France and Portugal refused air permits to the plane of Evo Morales, President of Bolivia because they reportedly suspected it was carrying Edward Snowden, the former US spy agency contractor wanted by Washington on espionage charges, the Bolivian government has said. The plane was then forced to land in Austria.
Bolivian Foreign Minister David Choquehuanca on Tuesday furiously accused France and Portugal of putting Morales’ life at risk and insisted that Snowden was not on Morales’ plane.
Choquehuanca told reporters that Portugal and France had abruptly cancelled the air permits, forcing the unscheduled Vienna stopover as Morales was returning on a Bolivian government aircraft from Russia.
“They say it was due to technical issues, but after getting explanations from some authorities we found that there appeared to be some unfounded suspicions that Mr Snowden was on the plane … We don’t know who invented this lie,” he said.
“We want to express our displeasure because this has put the president’s life at risk.”
While attending an energy conference in Russia this week, Morales said he would consider granting asylum to Snowden if requested. His speech was apparently what called for suspicion.
Bolivian Defense Minister Ruben Saavedra said the US State Department may have been behind the decisions to not allow Morales’ plane to land in Portugal or fly over French air space.
“We have the suspicion that they (the two European governments) were used by a foreign power, in this case the United States, as a way of intimidating the Bolivian state and President Evo Morales,” he said.
The whole world seems to be against Snowden who is fast running out of options as countries in Latin America, Asia and Europe have spurned his asylum requests despite a call by Venezuela for the world to protect the former US spy agency contractor.
Snowden who revealed the secret US electronic surveillance programme, PRISM, has applied for political asylum in more than a dozen countries in his search for safety from prosecution in the United States, but none has given him a green light.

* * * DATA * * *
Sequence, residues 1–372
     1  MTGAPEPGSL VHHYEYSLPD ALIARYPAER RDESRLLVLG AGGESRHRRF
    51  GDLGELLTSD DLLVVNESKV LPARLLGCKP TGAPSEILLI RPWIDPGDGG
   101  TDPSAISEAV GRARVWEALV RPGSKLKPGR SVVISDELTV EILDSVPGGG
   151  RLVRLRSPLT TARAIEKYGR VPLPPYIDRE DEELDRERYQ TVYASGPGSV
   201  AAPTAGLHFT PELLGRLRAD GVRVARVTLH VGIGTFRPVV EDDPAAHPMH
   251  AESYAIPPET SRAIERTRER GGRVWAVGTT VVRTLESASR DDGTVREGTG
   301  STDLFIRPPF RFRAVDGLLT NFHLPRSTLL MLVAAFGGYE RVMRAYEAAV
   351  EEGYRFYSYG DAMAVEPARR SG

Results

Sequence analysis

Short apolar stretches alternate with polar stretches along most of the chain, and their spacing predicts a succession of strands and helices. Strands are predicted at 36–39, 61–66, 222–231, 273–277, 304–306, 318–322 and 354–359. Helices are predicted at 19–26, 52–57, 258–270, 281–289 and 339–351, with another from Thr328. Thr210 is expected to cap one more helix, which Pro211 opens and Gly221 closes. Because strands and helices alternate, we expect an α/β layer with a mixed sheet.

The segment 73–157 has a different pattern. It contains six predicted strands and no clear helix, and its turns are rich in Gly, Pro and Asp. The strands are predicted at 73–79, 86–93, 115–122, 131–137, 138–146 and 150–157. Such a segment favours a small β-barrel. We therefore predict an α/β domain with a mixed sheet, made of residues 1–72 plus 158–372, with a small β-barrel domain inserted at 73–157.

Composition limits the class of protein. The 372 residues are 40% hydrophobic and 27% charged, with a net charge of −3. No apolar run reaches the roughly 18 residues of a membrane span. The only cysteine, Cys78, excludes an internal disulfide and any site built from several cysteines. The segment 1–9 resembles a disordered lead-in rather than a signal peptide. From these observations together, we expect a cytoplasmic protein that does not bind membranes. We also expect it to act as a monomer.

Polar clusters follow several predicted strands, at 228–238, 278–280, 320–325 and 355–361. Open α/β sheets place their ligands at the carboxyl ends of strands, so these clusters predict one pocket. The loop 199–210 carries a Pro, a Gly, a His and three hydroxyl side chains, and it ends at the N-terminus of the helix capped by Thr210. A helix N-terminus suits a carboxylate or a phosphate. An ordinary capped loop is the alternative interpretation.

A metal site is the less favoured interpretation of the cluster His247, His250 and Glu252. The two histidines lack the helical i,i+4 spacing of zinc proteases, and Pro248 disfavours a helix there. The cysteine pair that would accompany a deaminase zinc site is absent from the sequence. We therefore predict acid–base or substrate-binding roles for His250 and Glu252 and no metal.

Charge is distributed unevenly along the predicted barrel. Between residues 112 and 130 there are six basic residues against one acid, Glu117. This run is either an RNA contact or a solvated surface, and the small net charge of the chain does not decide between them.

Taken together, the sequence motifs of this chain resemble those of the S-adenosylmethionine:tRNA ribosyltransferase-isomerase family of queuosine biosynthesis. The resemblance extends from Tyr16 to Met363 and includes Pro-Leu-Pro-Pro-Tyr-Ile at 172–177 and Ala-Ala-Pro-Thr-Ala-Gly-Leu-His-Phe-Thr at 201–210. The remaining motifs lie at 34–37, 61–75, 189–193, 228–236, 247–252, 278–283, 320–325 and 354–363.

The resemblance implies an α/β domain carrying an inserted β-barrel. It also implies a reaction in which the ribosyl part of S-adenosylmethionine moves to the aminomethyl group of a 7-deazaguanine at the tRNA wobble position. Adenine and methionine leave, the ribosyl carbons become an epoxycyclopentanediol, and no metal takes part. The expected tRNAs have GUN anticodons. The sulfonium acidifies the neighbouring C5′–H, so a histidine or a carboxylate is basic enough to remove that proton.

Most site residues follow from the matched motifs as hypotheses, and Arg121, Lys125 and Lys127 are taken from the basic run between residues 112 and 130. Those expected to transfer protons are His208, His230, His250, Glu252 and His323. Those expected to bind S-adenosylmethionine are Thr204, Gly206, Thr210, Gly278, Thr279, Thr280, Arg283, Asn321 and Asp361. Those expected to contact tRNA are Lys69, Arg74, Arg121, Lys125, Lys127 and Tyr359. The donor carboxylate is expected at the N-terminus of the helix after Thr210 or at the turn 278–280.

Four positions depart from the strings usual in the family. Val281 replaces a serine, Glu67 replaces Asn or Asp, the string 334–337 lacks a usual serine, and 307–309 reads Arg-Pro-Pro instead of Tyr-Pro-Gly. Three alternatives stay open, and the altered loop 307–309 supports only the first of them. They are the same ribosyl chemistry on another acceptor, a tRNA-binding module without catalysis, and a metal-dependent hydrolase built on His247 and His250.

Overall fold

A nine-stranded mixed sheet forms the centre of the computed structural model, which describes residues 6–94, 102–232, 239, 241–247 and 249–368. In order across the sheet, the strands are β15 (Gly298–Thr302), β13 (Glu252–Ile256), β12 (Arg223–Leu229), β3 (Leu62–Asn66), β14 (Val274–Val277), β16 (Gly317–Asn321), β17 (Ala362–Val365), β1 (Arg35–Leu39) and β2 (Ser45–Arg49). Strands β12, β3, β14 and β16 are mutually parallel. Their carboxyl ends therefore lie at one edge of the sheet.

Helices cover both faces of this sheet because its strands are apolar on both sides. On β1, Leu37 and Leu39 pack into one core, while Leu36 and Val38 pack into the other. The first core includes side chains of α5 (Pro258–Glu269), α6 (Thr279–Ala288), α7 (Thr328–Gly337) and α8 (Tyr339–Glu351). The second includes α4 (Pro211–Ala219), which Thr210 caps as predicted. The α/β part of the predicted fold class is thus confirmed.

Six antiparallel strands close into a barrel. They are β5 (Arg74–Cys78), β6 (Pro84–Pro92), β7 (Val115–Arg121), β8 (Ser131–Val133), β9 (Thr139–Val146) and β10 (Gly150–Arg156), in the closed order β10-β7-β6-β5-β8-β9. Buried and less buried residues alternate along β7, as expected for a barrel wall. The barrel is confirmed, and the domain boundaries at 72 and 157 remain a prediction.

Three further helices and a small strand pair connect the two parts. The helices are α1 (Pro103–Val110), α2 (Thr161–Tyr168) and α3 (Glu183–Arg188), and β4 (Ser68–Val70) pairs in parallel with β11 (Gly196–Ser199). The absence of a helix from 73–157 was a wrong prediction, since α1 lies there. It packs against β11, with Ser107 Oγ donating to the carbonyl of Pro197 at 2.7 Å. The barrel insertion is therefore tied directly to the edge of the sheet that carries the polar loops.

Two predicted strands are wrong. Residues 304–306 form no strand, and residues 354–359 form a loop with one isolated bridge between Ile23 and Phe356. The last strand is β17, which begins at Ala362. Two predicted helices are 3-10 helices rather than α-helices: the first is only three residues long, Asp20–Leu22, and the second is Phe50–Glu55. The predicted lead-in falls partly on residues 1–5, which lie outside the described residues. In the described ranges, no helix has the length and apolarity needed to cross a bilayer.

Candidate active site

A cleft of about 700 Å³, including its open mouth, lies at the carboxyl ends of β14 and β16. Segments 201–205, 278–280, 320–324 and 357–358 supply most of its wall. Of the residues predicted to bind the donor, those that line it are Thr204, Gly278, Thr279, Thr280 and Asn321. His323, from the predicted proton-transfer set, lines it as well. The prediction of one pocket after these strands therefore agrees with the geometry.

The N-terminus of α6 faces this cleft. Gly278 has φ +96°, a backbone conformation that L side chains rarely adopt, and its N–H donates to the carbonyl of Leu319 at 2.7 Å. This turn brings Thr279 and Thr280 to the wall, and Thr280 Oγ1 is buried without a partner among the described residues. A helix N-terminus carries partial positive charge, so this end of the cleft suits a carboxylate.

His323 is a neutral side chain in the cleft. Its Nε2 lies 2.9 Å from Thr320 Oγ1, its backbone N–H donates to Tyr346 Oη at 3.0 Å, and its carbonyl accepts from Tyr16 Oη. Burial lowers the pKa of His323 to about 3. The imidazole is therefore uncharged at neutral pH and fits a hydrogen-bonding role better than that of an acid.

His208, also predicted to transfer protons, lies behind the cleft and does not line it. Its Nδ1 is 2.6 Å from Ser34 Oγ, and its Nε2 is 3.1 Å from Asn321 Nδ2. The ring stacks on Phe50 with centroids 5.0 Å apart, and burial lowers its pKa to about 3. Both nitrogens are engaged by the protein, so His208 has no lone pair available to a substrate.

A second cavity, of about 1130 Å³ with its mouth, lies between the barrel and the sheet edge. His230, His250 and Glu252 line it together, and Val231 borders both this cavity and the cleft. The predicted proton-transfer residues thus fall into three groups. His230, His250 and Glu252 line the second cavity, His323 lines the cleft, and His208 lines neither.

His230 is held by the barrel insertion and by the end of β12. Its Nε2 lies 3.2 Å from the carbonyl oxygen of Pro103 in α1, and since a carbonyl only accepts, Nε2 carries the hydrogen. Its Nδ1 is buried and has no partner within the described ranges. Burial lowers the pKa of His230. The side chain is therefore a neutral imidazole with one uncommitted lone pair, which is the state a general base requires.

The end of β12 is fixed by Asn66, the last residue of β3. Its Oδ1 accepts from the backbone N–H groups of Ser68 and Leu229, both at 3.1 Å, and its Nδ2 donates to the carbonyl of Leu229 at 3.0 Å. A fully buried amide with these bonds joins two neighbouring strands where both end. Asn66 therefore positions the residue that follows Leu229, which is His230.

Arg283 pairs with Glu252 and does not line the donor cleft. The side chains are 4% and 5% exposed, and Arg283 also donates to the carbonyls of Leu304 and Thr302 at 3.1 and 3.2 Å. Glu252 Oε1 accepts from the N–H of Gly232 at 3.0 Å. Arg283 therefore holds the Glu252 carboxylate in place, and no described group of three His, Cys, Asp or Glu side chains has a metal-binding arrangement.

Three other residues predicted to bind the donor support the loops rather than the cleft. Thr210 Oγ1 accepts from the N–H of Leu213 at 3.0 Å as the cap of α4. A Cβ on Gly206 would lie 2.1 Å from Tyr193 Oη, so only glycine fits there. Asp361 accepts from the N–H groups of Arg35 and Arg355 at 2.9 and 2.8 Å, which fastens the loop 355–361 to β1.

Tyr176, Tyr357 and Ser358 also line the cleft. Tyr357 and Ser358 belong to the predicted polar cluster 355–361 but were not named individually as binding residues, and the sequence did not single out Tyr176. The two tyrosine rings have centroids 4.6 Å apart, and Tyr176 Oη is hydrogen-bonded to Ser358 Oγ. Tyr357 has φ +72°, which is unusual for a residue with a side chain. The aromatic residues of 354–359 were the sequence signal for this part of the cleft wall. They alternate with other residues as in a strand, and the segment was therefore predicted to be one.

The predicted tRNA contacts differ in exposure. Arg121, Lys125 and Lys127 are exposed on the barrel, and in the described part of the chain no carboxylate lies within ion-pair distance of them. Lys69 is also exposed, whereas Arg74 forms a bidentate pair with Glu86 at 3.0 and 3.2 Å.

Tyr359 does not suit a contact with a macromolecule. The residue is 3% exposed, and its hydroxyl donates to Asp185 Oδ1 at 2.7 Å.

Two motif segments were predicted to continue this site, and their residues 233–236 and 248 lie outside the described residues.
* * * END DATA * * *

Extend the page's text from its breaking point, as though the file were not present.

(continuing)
The 30-year-old American is in legal limbo in the transit area of Moscow’s Sheremetyevo airport, unable to fly out because he has no legal travel documents and also has no Russian visa to leave the airport.
Russia would have been a go for him after Russian President Vladimir Putin said he could stay provided he was going to stop publishing further US secrets, saying Snowden should stop “harming our American partners”. Snowden however blew that chance on Monday after breaking a nine-day silence since arriving in Moscow from Hong Kong, challenging Washington by saying he was free to publish more about its programmes and that he was being illegally persecuted.
But while country after country denied his asylum requests on technical grounds, Venezuela, part of an alliance of leftist governments in Latin America, said it was time to stop berating a man who has “done something very important for humanity”.
“He deserves the world’s protection,” President Nicolas Maduro told Reuters during a visit to Moscow for a meeting of gas exporting countries.
“He has a right to protection because the United States in its actions is persecuting him … Why are they persecuting him? What has he done? Did he launch a missile and kill someone? Did he rig a bomb and kill someone? No. He is preventing war.”
Maduro said he would consider an asylum application. He later had talks with Putin but neither leader said whether they had discussed Snowden.
Snowden’s request for safety in Ecuador, which has sheltered the founder of antisecrecy group WikiLeaks Julian Assange in its London embassy for more than a year, has seemingly ended as Ecuador’s President Rafael Correa said on Sunday that Snowden’s fate was in Russia’s hands because Ecuador could not consider the plea until he reached his country’s territory or one of its embassies.
Bolivian President Evo Morales, also in Moscow for the gas conference, told Russia’s RT television that his country would consider an asylum request but had not yet received one.